The immediate threat to the Sundarbans comes from the uncontrolled flow of tourist boats of many sizes and capacities. All boats are run on diesel. There is no full-proof system that could stop oil leaks from the boats
The Sundarbans has withstood all the onslaught from nature, viz. the Gorky cyclone of 1970, subsequent cyclones in the 1990s and those in the recent past such as Sidr, Sila, Bulbul, and others. However, it is hard to predict how it is going to face the challenges of the present time, notably the overuse of fish and invertebrate, its plant resources and the nearby sea.
Added with that are the pressure from the commercialised tourism sector and excessive use of Mongla Port facilities by commercial vessels and pollutants emitted from them entering into the Sundarbans – 365 days a year. We should also be mindful of the accidental oil spill from shipwrecks inside the Sundarbans as it already happened a few times in the last decade.
Officially, withdrawal of the resources from the Sundarbans is banned barring possible extraction of Golpata and honey. However, the reality and situation on the ground is very different. Any visitor boat entering any mini-canal or khal will notice several boats out there on fishing expeditions. I guess their official permit is just for crab fishing, but they do all kinds of fishing inside all the parts of the Sundarbans. Everybody considers this to be very small-scale fishing, but it is detrimental because it hurts the spawning invertebrates and fishes who take refuge in small canals and mangroves than in open water.
One of the larger issues in the Sundarbans is the negative impact of sea-level rise, in case it happens sooner than later. Rise above the range of 10cm would possibly reduce the Sundarbans considerably and none of the mangrove plants can grow without a land or soil base. Of course, with regard to this, our government has very little role to play. But they can ask the international players to help us save the livelihood of the people living in and around this mangrove forest.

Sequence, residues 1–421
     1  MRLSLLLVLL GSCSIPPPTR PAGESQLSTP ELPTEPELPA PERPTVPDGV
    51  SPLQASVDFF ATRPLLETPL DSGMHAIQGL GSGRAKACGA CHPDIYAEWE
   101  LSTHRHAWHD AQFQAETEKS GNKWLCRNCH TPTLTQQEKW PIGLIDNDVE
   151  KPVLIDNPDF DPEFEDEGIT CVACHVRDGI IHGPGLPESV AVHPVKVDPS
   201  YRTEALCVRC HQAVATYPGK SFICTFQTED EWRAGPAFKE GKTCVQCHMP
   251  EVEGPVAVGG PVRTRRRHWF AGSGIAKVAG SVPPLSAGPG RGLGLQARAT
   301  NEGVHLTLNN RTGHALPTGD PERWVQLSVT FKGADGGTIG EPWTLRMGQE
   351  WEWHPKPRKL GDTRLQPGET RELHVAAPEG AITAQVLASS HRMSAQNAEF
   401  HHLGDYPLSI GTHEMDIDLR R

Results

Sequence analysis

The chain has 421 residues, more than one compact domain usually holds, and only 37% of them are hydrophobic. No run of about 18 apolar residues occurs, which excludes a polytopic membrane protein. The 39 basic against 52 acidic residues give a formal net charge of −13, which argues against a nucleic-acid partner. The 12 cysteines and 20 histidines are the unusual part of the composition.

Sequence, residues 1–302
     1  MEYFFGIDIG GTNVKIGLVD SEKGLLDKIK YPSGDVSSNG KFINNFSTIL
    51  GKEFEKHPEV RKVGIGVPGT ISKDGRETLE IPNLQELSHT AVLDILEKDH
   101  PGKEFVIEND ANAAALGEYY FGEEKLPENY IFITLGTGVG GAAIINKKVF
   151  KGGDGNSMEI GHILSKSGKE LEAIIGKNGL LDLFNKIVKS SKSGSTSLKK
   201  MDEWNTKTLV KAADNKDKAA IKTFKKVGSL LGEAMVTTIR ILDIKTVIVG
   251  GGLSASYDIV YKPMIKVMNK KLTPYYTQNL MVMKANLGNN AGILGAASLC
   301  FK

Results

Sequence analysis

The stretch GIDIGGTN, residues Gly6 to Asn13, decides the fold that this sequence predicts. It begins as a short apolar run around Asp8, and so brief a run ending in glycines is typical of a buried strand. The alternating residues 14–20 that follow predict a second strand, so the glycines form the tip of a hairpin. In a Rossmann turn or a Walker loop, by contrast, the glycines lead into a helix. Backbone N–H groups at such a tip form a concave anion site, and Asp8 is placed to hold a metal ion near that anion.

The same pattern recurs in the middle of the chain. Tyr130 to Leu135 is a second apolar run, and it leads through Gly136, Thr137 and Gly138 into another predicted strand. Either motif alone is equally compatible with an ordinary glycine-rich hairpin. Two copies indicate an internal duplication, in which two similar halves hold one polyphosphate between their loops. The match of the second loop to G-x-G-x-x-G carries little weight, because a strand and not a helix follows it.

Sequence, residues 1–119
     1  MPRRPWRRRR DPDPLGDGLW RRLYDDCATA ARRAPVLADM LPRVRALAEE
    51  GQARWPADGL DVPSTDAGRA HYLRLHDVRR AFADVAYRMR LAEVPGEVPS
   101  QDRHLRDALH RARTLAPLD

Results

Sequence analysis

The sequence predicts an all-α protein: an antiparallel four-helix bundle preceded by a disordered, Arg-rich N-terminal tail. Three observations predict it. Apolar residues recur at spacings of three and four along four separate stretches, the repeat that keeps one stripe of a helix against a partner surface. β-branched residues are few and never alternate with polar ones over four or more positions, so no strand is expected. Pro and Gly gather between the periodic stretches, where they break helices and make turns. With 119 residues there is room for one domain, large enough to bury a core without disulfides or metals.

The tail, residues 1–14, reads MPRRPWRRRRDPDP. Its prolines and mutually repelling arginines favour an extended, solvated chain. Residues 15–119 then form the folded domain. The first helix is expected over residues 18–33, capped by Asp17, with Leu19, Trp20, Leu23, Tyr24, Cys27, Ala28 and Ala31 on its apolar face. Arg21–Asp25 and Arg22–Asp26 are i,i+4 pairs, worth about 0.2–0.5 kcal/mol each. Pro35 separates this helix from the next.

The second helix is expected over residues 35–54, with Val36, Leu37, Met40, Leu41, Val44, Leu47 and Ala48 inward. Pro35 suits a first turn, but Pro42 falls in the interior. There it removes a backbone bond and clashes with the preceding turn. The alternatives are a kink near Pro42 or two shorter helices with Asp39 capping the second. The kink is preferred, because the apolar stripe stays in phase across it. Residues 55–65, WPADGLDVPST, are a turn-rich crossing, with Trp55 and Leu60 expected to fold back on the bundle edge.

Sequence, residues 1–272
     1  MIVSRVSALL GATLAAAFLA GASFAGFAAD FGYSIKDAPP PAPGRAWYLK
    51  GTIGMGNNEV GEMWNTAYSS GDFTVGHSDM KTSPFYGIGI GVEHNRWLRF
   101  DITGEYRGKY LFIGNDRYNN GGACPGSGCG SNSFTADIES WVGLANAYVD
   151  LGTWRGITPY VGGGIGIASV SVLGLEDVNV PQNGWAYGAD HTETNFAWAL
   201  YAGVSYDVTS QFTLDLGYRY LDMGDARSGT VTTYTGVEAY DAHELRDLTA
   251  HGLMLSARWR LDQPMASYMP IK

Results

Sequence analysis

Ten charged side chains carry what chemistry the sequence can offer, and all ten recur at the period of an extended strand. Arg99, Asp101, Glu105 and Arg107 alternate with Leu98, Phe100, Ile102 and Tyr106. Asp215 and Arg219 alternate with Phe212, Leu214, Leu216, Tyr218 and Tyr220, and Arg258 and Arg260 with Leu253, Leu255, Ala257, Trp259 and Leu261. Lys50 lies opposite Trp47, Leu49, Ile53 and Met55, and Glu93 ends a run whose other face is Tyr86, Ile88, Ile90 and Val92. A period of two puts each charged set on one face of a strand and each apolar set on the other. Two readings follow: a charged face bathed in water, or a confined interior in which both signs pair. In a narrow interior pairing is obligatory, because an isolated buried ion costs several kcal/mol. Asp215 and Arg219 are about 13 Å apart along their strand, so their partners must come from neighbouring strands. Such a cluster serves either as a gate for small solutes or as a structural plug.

The immediate threat to the Sundarbans comes from the uncontrolled flow of tourist boats of many sizes and capacities. All boats are run on diesel. There is no full-proof system that could stop oil leaks from the boats.
The curse of the plastic and polythene use is being aggravated by the introduction of one-time use utensils – mostly thermocol-based plates, cups, mugs and bowls. Unlike plastic and polythene, thermocol floats on water and reaches the remotest part of the Sundarbans that has not been visited even by tourists.
What is the need of the hour?
Bangladesh government has so many of legislations, acts, rules and regulations that they don't need any further of these. But unfortunately, these are not being implemented properly as each of these government departments and autonomous organisations work and behave like an independent body. As a result, rules are broken by all parties even before the right party can detect where the problem lies.
The government should immediately form a board for the management of the Sundarbans, like the Haor Development Board, and hand them over the responsibility to regulate everything regarding the forest – its physical and biological properties.
The government could also try annexing the existing manpower and arms of the Government Forest Department, Environment Department, all parties with uniforms and NGOs working in the area. Government employees and their units in the Sundarbans ahould be put under the management of this board, although nationally they will be under the command of institutions determined by the government.
The board can be constituted with board members appointed by the government from its internal departments, universities, research organisations, national NGOs, media, women representatives from among MPs, local government members, lawyers and also entertainment industry representatives.
The boards functional arms should be constituted of branches like Wildlife and Forest Management Unit, Planning and Programming Unit, Climate Change Mitigation Unit, Marketing and Promotion Unit, Education, Public Awareness and Media Unit, Stakeholder and People's Participation Unit, Admin and Recruitment Unit, Research and Development Unit, Law and Order Unit, etc.